© 2014 by Emily Carroll
I’m a bit of a late starter when it comes to graphic novels.
When I was at school, more than twenty years ago now, some of my more sophisticated classmates tried to introduce me to books like The Dark Knight Returns by Frank Miller, or Grant Morrison’s Arkham Asylum. I read them but they didn’t make much of an impact (though I did enjoy Morrison’s take on the Joker, simultaneously camp and terrifying) – they seemed overlong and over-serious, lacking in the concise, snappy storylines of the comics I read when I was a kid, like the short-lived Scream!, or Tiger, both of which were absorbed by the re-launched Eagle in the mid-Eighties. By 1984 I was at boarding school, and often pretty miserable, and the A4-sized brown envelope my dad sent me every week with those precious comics inside was always welcome, and meant I could escape for a while into the world of Doomlord (evil shape-shifting aliens!), Billy’s Boots (kid finds magic football boots!), and The Thirteenth Floor (psychotic computer kills people!). Many of these stories, though I didn’t know it at the time, were written by such luminaries as Alan Moore, Alan Grant, and John Wagner, who also wrote for 2000 AD (which I was a bit young for).
But the way that “graphic novels” (that’s a bit of rebranding, by the way, that I find both clever and annoying – what’s wrong with just calling them “comics”?) have developed over the last few decades, the rise of “geek culture” (another ugly term, but it’s Sunday afternoon and I’m too tired to think of a better one), and the consequent seriousness with which literary critics now take the form, means that even the most comic-averse reader should be able to find something on the shelves that interests and engages them. A succession of writers and artists have really pushed the boundaries of what the medium can do, and the best graphic novels these days can be every bit as ground-breaking and brilliant as the best of “traditional” fiction (more so, perhaps).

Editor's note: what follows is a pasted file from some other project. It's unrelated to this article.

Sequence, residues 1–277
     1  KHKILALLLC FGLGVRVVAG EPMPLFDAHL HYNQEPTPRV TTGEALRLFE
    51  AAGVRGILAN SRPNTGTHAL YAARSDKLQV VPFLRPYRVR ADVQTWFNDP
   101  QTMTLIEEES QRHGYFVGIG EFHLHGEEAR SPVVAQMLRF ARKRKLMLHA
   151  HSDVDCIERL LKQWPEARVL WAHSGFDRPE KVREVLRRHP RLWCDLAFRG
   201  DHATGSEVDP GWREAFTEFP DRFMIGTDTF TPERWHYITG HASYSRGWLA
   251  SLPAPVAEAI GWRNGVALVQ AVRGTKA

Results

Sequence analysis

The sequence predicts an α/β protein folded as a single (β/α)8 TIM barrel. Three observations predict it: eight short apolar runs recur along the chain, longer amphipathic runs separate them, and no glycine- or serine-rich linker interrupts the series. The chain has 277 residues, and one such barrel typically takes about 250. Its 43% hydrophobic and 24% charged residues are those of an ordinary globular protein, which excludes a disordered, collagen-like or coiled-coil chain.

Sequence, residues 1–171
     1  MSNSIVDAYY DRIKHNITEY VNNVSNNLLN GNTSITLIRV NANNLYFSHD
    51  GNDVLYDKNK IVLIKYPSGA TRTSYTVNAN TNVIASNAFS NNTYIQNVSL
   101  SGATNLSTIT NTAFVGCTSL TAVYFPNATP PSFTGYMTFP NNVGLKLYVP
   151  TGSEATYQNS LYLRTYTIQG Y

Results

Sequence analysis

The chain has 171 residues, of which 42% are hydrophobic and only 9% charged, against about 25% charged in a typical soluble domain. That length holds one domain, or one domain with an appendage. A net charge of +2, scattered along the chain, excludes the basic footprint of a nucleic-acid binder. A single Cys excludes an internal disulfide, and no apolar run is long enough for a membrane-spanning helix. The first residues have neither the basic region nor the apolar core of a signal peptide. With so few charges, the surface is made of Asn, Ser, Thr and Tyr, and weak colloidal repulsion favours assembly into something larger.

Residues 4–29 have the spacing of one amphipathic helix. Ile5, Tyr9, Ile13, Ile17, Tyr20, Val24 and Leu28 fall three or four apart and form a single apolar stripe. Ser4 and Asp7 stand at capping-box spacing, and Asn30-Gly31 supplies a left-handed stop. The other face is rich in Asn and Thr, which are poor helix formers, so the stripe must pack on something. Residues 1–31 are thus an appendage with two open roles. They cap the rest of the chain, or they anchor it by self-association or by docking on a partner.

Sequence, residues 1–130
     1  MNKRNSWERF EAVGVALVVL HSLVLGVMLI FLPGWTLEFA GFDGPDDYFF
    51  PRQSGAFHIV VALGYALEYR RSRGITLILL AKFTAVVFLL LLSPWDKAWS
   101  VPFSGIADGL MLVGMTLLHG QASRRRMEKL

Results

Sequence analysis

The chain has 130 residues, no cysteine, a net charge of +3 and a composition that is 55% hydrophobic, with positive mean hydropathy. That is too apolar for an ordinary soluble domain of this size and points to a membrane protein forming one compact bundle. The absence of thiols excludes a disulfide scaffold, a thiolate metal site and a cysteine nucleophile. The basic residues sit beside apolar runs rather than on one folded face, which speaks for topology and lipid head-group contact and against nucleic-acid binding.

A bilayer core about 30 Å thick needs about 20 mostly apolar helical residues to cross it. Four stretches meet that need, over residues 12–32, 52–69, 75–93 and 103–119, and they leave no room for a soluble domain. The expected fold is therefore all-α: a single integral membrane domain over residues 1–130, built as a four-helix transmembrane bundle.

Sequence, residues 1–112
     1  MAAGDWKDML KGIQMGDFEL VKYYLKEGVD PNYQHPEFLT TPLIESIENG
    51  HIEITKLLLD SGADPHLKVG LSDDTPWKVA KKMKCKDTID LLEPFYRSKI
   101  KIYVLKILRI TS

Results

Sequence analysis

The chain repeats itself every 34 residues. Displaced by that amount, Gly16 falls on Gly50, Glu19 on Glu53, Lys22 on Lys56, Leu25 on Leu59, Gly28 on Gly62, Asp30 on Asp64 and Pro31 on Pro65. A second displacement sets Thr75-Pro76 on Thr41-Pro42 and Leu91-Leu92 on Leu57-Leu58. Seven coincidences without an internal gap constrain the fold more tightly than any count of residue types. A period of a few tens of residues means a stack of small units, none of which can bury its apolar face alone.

Which brings me to Through The Woods.
Emily Carroll is a Canadian writer in her thirties, and the five short stories that make up this book are, as the title suggests, thematically linked by the woods, as a liminal place, both physically and metaphorically, where nasty, terrifying things can – and do – happen. “[It] came from the woods (most strange things do)” she writes in His Face All Red, when the impulsive actions of a jealous brother lead to something that really ought to be dead returning to haunt the living. In Our Neighbor’s House, three young girls in a remote cottage disappear one by one; in My Friend Janna, two friends hold pretend séances – and live to regret it. The longest of the stories, The Nesting Place, was perhaps a little grand guignol for my taste, but still creepily effective, and fans of HP Lovecraft will not be disappointed. The world these characters live in is often dark – illumined only occasionally, usually by blood-red flashes – and they are frequently seen to be dwarfed by their surroundings: snow-covered forests, large houses. Carroll’s pacing is carefully controlled, and I found myself half-closing my eyes every time I turned the page.
Like all the best horror writers – and the writer she reminded me of most was Robert Aickman, whose stories have a similarly queasy feel – Carroll manages the delicate balance between leaving the reader satisfied, whilst simultaneously providing no easy answers. Death is never the end in Through The Woods, though the afterlife of its characters is the stuff of nightmares rather than consolatory faith – change and decay are everywhere, and you really don’t want what these spirits are offering. Perhaps that is why – judging by the settings and costumes – these tales are set in the past, safely removed from our contemporary, urban world. Carroll expertly finds the pressure points of our atavistic fear of the unknown – as manifested in the trees from which our ancestors once descended – and gives them a good solid pinch. The effect is akin to touching an unearthed light switch – shocking, but you won’t forget it.
© 2014 by Emily Carroll